This is important because most customers who used IBM computers were forced to learn how to use Microsoft’s software that came along with it. This created an inertia in Microsoft’s favour. The next software these customers chose was more likely to be Microsoft’s, not because their software was necessarily the best, but because most people were too busy to learn how to use anything else.
Microsoft’s success and market share may differ from the rest by several orders of magnitude but the difference was really enabled by Gate’s early fortune, reinforced by a strong success-breeds-success dynamic. Of course, Gates’s talent and effort played important roles in the extreme success of Microsoft. But that’s not enough for creating such an outlier. Talent and effort are likely to be less important than circumstances in the sense that he could not have been so successful without the latter.
A magic number?
One might argue that many exceptional performers still gained their exceptional skill through hard work, exceptional motivation or “grit”, so they do not deserve to receive lower reward and praise. Some have even suggested that there is a magic number for greatness, a ten-year or 10,000-hour rule. Many professionals and experts did acquire their exceptional skill through persistent, deliberate practices. In fact, Gates’ 10,000 hours learning computer programming as a teenager has been highlighted as one of the reasons for his success.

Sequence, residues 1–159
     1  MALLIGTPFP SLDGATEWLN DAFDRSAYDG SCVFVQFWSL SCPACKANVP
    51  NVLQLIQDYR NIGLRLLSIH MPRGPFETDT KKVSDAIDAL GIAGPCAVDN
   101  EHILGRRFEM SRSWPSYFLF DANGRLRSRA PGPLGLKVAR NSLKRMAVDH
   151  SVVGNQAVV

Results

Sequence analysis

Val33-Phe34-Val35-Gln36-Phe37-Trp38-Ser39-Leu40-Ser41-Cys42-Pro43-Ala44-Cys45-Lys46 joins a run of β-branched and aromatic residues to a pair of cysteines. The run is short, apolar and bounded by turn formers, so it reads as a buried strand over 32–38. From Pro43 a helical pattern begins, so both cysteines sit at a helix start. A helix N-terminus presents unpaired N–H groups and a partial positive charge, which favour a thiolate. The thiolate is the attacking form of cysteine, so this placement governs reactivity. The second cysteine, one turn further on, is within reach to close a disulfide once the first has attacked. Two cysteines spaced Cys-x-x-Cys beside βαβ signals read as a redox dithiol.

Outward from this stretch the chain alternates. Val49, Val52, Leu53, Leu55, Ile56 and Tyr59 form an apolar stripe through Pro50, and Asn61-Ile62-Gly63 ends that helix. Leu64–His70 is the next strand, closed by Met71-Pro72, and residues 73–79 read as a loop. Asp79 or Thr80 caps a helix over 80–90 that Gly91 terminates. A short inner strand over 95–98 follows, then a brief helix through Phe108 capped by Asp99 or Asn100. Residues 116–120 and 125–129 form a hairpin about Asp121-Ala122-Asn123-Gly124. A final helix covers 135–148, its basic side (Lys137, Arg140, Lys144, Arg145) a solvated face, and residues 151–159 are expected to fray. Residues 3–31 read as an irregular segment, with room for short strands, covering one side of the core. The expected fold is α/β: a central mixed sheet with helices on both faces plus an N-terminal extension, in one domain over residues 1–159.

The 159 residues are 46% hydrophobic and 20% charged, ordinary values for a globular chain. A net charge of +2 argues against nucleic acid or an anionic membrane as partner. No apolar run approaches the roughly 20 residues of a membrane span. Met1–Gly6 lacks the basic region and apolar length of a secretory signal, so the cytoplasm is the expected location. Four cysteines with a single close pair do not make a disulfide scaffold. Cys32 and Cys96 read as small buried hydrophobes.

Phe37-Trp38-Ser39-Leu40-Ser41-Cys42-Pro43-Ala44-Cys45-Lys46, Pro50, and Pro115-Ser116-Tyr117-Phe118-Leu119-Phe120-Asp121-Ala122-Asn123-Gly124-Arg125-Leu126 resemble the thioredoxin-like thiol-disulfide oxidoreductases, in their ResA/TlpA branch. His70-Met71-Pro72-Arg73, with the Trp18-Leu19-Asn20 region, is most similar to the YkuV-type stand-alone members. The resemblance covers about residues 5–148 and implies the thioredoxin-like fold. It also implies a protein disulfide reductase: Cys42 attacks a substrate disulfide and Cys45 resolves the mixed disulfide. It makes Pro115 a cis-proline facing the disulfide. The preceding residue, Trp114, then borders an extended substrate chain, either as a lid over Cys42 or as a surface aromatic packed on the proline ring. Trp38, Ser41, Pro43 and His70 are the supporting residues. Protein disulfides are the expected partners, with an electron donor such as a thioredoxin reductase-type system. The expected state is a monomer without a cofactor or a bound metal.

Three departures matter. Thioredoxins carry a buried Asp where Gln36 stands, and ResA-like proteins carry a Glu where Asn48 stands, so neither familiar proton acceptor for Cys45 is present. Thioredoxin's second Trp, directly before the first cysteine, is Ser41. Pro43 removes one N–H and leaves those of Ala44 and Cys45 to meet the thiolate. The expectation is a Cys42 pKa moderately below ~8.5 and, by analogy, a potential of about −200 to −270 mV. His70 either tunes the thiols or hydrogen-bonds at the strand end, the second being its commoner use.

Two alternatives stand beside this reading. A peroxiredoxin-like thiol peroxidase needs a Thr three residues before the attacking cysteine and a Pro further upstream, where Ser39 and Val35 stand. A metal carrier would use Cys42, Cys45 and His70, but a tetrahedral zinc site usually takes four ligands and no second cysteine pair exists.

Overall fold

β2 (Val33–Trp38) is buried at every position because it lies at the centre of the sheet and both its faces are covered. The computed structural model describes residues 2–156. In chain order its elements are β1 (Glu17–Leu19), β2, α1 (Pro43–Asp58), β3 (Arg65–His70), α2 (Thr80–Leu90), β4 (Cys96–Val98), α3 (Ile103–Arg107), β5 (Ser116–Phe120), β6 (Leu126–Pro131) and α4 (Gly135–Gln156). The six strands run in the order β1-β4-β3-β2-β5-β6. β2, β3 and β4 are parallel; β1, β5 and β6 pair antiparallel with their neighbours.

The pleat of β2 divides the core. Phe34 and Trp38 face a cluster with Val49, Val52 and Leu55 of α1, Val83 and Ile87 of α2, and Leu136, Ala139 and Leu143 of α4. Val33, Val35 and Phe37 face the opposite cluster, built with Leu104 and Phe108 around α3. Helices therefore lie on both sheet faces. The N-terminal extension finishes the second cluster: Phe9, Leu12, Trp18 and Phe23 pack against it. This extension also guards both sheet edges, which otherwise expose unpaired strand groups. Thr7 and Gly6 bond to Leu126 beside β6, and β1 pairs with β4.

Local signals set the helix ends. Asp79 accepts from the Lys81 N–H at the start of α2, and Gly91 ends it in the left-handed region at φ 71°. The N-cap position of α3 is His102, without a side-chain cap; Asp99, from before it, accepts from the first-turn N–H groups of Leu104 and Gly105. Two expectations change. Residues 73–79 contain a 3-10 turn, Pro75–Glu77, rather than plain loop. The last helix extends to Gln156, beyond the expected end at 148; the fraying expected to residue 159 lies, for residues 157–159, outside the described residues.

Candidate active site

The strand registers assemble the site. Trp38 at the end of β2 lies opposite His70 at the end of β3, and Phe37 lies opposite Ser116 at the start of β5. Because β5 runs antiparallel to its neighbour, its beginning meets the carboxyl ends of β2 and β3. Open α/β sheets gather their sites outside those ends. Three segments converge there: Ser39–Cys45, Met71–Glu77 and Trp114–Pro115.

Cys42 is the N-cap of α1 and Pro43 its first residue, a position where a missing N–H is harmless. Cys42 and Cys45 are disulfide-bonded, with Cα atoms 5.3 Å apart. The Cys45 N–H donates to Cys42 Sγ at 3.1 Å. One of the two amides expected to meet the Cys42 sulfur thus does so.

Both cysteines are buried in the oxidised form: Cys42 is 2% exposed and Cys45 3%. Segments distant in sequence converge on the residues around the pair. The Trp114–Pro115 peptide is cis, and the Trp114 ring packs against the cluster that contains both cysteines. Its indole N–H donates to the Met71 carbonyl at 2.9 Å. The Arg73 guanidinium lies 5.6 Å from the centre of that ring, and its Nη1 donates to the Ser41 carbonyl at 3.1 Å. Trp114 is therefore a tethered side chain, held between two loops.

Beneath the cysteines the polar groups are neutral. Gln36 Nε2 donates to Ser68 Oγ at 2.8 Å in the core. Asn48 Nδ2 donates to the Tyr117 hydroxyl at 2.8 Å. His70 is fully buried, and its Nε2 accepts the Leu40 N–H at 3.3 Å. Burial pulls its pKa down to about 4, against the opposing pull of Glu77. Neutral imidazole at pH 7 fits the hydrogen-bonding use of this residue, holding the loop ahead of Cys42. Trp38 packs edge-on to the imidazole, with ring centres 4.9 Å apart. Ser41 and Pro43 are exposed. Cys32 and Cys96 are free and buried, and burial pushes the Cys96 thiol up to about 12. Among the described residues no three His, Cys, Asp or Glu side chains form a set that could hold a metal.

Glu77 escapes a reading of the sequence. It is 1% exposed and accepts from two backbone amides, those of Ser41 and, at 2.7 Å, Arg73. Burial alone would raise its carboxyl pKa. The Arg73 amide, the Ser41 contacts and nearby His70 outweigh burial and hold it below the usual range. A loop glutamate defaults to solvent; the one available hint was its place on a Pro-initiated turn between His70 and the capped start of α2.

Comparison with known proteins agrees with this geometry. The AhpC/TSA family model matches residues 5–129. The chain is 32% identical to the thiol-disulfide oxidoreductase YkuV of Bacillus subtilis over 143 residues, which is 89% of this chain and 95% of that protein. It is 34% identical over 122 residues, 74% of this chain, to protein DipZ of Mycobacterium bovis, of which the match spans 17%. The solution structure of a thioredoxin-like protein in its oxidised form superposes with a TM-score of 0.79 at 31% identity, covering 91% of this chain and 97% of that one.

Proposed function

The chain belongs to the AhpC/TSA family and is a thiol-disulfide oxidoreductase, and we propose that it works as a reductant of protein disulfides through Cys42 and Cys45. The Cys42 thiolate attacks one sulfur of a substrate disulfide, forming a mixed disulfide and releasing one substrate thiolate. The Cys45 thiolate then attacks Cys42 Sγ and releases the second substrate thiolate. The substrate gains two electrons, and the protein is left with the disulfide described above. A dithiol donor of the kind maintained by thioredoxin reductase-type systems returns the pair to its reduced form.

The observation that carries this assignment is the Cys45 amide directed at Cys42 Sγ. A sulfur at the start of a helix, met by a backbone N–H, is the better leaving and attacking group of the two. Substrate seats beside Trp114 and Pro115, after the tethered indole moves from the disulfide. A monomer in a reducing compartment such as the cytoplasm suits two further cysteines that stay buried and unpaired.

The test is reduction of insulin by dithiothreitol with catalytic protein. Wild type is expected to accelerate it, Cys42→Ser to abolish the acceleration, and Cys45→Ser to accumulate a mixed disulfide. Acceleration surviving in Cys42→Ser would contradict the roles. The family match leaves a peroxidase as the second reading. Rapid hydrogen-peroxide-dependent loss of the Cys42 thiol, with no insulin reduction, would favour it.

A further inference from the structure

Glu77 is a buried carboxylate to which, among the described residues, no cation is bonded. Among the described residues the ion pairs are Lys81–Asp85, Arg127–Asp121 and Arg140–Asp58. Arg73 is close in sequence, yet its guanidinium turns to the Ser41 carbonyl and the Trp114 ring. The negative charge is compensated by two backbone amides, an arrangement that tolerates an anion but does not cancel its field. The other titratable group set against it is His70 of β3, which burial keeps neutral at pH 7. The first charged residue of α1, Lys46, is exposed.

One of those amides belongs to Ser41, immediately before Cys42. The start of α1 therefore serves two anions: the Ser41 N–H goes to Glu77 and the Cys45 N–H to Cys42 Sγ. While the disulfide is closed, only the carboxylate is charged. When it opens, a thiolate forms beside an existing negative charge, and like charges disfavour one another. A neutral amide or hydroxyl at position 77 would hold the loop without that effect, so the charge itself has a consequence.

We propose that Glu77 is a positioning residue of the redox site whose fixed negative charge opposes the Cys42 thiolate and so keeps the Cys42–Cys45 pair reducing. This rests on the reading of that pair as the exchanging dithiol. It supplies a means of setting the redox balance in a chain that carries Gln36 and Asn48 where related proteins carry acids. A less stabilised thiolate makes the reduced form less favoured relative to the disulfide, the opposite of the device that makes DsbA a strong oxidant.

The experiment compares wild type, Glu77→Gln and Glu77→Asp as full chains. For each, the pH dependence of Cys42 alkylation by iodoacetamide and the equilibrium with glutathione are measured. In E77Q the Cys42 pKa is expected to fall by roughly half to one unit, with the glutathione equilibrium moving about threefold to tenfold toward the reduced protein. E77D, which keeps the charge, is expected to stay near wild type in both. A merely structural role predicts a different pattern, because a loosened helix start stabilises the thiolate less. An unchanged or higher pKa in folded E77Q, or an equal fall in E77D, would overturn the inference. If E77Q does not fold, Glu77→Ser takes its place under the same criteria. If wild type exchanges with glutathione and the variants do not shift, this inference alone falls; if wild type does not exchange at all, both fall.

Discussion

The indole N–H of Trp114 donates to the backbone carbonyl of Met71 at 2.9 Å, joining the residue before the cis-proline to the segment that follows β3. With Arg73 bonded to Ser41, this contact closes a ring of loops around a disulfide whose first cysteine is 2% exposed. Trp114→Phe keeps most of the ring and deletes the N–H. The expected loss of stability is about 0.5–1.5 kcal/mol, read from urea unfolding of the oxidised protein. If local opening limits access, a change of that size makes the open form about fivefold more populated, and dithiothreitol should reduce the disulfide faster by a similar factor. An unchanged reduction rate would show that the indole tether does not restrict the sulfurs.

But detailed analyses of the case studies of experts often suggest that certain situational factors beyond the control of these exceptional performers also play an important role. For example, three national champions in table tennis came from the same street in a small suburb of one town in England.
This wasn’t a coincidence or because there was nothing else to do but practise ping pong. It turns out that a famous table tennis coach, Peter Charters, happened to retire in this particular suburb. Many kids who lived on the same street as the retired coach were attracted to this sport because of him and three of them, after following the “10,000-hour rule”, performed exceptionally well, including winning the national championship.